tv Deadline White House MSNBC June 21, 2017 1:00pm-2:01pm PDT
now. hi, everyone. it's 4:00. big news into the investigation on the ongoing threat posed by russia, but first the president has a campaign style event in iowa. he is taking a victory lap after the republicans held to the seat in georgia. here is kellyanne conway responded on twitter last night to news of karen handel's victory. quote, thanks to everyone who breathlessly and snarkly proclaimed georgia six as a referendum on potus. you were right. laughing my ossoff. that was the senior most advisers to the president with snark of her own. we'll start with the hearing today that laid bear how determined russia remains to interfere in our election process and how little progress we're making in protecting ourselves. the fbi's assistant director of counterintelligence and the former homeland security secretary issues stark warnings
to the house intel committees. >> in 2016 the russian government at the direction of vladimir putin himself orchestrated cyber attacks on our nation for the purpose of influencing our election. that is a fact plain and simple. >> hoping to regain its prior stature, russia has decided to try to weaken us and our allies. this was a -- my opinion a well planned, well coordinated, multifaceted attack on our election process and democracy. >> i think it was unprecedented the scale and the scope of what we saw. in retrospect it would be easy for me to say that i should have bought a sleeping bag and camped out in front of the dnc in late summer with the benefit of hindsight. >> russia will continue to pose an influence threat. >> i think we have to assume for all the reasons that have been discussed here that the russians will be back.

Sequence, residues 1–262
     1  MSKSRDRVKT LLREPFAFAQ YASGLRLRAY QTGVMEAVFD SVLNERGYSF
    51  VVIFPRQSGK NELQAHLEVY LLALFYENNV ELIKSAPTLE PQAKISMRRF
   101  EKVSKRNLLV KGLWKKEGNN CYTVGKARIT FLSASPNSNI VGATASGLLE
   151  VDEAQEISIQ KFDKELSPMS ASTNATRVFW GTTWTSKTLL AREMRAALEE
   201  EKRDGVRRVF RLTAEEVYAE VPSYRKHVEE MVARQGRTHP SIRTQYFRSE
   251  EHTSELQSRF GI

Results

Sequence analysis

>> let's turn to ken delaney and kelly o'donnell and jeremy bash, former chief counsel for the house intel committee. ken, you worn -- warned me of the import and i wonder if you were struck by the power of the words that russia attacked us plain and simple. >> i was particularly struck by the fact it was the top counterintelligence official from the fbi who was delivering the words. this is a man who works for donald trump. so now we have heard this kind of thing from former obama administration intelligence officials before, but what is the highest level delivery of this message that we have had from the trump administration. but what's ironic of course is that senior people in the white house from trump on down have not said similar things. another striking thing about this hearing is we heard from an election security expert who said absolutely, voting machines can be hacked and votes can be